Aaron points out that it is easier to be more selective of clients if you aren’t worrying about money.  The Internet is full of opportunity, but you need to act upon it. Aaron has created a great ebook that you pay for and can instantly download.  It contains a plethora of helpful information on Search Engine Optimization and is being constantly being updated.  His book establishes him as an expert and generates leads every day.

Abundance Mentality
The Abundance Mentality goes beyond just being positive in everything thing you do. You need to realize that there is more than enough of anything to go around.  Focus on the infinite possibilities the Internet has to offer.  Stay focused on your goals, but don’t be greedy.  You can’t get anywhere online without the help and support of others.   

Provide People with Value
Give away great information with everything you do.  In his SEOBook, Aaron mentions the impact of his Blog in helping him sell his ebook "there is probably about a 99% chance you would have never bought this e-book if I did not write the associated blog.” Years ago one of my business mentors gave me the advice to give away as much free information as possible.  At the time I really didn’t think this was the best course of action.  Today I’ve changed my mentality.  The more you give away the more you get back.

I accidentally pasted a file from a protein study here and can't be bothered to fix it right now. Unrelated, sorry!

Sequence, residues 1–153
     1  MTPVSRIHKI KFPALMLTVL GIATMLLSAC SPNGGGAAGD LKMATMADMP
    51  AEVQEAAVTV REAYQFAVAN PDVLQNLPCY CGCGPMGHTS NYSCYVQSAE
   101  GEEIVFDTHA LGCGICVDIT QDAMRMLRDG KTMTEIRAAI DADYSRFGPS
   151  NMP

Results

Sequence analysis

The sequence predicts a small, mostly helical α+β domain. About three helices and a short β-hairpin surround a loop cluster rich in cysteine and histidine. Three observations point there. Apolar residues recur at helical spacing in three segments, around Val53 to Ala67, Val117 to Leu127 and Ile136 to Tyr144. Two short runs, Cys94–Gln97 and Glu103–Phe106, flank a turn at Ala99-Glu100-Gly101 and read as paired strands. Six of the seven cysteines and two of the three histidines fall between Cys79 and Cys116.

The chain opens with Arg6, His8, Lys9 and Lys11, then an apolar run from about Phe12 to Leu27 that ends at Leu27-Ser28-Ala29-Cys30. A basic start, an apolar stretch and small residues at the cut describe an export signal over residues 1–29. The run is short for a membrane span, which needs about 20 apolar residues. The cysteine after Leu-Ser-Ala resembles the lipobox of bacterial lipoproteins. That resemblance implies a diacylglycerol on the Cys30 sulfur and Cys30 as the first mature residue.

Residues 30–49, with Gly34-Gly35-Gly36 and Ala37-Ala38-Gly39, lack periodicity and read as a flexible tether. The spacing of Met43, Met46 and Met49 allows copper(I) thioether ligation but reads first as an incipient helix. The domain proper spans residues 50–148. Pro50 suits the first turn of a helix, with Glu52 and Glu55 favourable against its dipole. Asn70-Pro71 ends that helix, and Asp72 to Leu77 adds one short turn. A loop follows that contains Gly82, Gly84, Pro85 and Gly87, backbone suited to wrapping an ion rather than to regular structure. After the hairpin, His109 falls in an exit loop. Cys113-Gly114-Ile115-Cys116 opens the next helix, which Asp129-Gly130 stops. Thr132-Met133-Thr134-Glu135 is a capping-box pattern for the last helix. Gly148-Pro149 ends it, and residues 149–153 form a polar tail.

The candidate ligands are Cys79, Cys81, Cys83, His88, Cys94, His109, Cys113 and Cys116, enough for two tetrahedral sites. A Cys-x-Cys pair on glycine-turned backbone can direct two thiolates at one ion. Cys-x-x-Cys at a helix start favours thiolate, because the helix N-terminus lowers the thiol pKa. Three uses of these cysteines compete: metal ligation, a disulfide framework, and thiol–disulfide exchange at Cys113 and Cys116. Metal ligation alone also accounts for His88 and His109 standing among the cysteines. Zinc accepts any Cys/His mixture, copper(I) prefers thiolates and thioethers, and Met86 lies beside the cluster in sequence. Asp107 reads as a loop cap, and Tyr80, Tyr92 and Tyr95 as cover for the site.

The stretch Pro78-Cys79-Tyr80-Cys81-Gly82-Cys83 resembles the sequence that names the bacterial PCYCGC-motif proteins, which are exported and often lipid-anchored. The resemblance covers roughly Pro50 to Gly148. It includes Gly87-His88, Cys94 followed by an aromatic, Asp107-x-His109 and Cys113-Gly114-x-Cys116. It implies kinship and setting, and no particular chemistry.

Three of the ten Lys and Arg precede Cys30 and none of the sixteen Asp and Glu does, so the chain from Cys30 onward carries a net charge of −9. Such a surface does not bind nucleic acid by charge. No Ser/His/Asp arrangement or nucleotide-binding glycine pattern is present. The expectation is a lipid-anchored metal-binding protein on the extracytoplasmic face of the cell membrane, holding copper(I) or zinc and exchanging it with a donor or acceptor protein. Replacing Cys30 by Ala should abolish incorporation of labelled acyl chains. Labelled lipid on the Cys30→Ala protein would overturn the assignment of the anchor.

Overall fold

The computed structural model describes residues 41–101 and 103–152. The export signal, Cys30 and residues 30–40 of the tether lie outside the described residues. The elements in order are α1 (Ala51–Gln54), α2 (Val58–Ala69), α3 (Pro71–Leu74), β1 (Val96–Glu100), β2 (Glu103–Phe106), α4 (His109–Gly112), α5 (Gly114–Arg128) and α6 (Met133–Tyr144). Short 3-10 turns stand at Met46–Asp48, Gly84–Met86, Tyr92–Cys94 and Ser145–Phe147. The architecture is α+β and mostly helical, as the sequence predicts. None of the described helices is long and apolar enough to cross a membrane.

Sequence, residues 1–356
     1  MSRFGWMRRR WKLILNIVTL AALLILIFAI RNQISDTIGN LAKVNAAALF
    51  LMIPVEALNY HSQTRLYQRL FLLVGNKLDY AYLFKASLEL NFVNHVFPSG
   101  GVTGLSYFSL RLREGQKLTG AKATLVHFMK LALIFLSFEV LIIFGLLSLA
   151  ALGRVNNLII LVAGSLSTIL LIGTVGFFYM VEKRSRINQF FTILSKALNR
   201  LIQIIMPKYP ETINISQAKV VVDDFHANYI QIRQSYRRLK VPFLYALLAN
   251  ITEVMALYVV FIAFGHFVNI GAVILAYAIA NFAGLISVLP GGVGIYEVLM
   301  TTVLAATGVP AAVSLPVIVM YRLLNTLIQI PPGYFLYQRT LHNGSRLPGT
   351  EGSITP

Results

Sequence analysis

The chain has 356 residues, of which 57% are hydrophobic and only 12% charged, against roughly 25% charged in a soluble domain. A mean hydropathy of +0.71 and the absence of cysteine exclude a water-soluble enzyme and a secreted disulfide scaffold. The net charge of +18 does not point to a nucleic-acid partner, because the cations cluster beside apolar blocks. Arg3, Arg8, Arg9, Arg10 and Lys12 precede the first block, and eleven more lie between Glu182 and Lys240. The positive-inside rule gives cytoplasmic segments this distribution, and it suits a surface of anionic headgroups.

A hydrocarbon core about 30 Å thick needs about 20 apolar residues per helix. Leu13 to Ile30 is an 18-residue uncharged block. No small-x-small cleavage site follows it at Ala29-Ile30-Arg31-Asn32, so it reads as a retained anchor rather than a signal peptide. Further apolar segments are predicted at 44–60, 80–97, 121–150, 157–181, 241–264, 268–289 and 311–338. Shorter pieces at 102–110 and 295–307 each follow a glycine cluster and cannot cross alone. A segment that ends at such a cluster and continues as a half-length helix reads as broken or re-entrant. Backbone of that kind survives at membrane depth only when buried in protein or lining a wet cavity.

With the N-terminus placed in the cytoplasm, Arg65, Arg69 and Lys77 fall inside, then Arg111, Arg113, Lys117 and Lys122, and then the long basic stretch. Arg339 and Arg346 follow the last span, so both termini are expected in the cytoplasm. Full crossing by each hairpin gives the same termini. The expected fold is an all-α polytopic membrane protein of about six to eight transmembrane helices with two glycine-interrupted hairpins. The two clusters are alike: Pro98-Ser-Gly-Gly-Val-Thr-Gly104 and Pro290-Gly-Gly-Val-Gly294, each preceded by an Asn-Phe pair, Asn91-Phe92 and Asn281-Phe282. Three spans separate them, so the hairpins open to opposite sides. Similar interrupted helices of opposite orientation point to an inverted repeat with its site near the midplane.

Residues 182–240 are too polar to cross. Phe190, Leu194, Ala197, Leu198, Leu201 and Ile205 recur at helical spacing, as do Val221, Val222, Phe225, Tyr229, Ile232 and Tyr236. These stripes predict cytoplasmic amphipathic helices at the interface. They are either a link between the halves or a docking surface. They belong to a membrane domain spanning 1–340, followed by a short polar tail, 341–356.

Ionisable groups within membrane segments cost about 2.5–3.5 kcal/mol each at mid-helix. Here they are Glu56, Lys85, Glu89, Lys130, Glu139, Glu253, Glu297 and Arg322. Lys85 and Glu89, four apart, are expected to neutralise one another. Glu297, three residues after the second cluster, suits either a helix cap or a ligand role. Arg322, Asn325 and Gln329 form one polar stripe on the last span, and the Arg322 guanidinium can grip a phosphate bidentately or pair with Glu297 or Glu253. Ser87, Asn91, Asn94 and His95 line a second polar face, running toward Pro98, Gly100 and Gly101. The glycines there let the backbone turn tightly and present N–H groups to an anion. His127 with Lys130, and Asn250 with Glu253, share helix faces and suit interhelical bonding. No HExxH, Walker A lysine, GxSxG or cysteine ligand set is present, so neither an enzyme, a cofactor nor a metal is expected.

To find out more about Aaron Wall and Search Engine Optimization, visit his web site at SEOBook.com.

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Clean Code and Better SEO

Yesterday evening I had a short telephone conversation with one of my friends.  He maintains a very large web site that gets tens of thousands of visitors daily.  A few months ago we sat down for dinner and he told me about some of the changes he was making to his web site.  At that time, he was in the arduous process of cleaning up his code.   The end result was well worth his time.

Sloppy Code and SEO
Search Engines don't like sloppy code.  Think of it like trying to read someone's really sloppy hand writing. Now imagine having to read through pages of sloppy handwriting.  There probably would come a point in time when you would want to give up.  The search engine spiders are the same way. If there is a significant amount of code that is clogging up your individual pages the search engine spiders just stop.  This has a negative impact on your search engine optimization.

Recently Google has become much better with reading CSS and Javascript. You can still miss out on getting important pages indexed properly or not indexed at all. It is in your best interest to keep your code very clean.

Continue reading "Clean Code and Better SEO" »


You Can Be Successful Online Without Programming Skills